My outfit deets:
Blazer and pants: Zara
Top and bag: PRIMARK
Ons’s outfit deets:
Blazer: Maison de glamour
Shoes and Backbag: ALDO
Pink is such a perfect colour for sunny days!! Especially when it’s combined with frills. I felt so comfortable with this outfit while feeling lost in the beautifull streets of Sidi Bousaid. Not to forget the warm welcoming you get just by stepping in the town. Even tho sometimes they ask too much haha but it still feels nice and good.
I also loved having my Henna|Harkous on the go even that I am not a big fan of it but it looked beautiful and I loved it even more because it reminds of my beautiful origins.
The blue and white monochrome makes even perfect to just relax and sip a special Tunisian Tea in the Cafe des delices and contemplating the beach and boats.
The peace and joy one gets from the sweet smells, the lightness of the air, and the captivating, other-worldly beauty of nature. I will miss my afternoons in this place!!
Top and shoes: Primark
Watch: Daniel wellington
Tunisia’s version of a hearty breakfast is a bowl of bsissa, a simple, delicious and nutritious dish.
It’s hard to put your finger on what b’sissa tastes like; it is both sweet and bitter. The texture is a bit like liquid sandpaper — in a pleasant way.
To prepare this traditional dish, various grains and dried vegetables are ground together into a powder. The bsissa powder is then mixed with sugar and either water or olive oil. I personally like it with olive oil. The watery-method mix is runny and can be served as a drink. The liquid version is better during summer; bsissa with cold water and ice cubes quenches thirst and boosts energy levels to fight the heat. The olive oil-blend is gummy and eaten with a spoon.
Bsissa is typically eaten in the morning to kickstart the day, but can be a dessert.
It is humanly impossible to eat more than one bowl of olive oil bsissa because of its richness.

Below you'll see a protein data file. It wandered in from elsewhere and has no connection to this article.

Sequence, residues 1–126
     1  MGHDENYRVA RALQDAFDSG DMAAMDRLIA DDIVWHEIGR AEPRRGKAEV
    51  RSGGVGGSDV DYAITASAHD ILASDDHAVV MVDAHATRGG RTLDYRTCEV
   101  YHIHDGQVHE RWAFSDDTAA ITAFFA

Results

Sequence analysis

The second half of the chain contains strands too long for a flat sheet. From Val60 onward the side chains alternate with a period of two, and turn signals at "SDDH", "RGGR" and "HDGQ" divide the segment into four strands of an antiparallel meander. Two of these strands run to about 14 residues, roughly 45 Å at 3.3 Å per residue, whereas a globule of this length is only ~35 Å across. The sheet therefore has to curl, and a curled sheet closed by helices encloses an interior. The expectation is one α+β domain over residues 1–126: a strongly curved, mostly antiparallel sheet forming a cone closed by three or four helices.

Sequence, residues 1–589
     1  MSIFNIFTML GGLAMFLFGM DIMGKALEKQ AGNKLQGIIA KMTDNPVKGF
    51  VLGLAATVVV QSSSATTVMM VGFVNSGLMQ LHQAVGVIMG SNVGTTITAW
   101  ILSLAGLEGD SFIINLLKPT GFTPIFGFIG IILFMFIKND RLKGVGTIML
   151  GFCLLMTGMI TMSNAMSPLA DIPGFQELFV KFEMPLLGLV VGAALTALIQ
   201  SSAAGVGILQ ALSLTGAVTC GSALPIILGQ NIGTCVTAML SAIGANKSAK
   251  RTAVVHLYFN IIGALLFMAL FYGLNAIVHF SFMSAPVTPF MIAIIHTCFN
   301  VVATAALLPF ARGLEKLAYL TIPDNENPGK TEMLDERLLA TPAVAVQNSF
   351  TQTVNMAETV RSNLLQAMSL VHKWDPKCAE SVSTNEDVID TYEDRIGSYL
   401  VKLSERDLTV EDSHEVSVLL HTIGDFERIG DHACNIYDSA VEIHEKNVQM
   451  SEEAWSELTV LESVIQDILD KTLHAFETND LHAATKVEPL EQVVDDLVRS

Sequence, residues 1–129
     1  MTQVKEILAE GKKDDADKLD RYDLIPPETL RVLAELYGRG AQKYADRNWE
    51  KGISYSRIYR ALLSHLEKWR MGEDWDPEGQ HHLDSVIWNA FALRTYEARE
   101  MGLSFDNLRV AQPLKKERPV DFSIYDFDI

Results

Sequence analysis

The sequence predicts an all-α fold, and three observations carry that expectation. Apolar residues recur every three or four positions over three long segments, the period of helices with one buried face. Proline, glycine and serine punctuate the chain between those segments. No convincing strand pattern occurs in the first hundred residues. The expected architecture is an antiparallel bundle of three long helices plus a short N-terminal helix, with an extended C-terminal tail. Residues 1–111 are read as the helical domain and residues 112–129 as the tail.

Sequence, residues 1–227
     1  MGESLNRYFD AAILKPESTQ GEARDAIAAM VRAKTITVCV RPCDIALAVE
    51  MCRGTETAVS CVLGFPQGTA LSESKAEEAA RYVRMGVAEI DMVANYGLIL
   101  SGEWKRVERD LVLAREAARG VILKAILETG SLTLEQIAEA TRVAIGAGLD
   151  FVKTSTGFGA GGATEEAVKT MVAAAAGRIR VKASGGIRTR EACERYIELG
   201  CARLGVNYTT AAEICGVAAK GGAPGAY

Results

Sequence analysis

Bsissa is prepared casually as breakfast or for special occasions. Often, the dish is served to new mothers who just gave birth or to grooms-to-be for its nutritious qualities. Guests visiting a newborn are also usually presented with bsissa. And for me, it is a Ramadan must have.
Although preparing bsissa power takes some patience, once done it can be stored somewhere dry for a long time. If you’re in Tunisia, your local spice grinder (tahouna) can grind your ingredients into a powder for you. If you’re making it at home, use a blender and give yourself plenty of time.
3 kilograms wheat grains
3 kilograms dry chickpeas
1 kilogram dry lentils
1 kilogram dry fava beans
100 grams fennel grains
100 grams green anise grains
A pinch of salt
One tablespoon dried orange peels (optional)
Two tablespoons fenugreek (optional)
From the large pile of wheat, chickpeas, lentils, and beans, take out anything that you don’t want to eat. Sometimes small pebbles or other undesirables sneak in. Then, rinse everything under water thoroughly.
Once clean, lightly toast the dry material over a stove top in a pot.
Once you’ve toasted all the dry material, use a blender to grind.
Now, take your powder and mix with sugar and water or olive oil. For water, add to taste. Some prefer to drink their watery bsissa, others like it a little thicker. For olive oil, add until you get a gummy, thick consistency. Garnish the later with nuts and Tahini-based halva (Chamiya).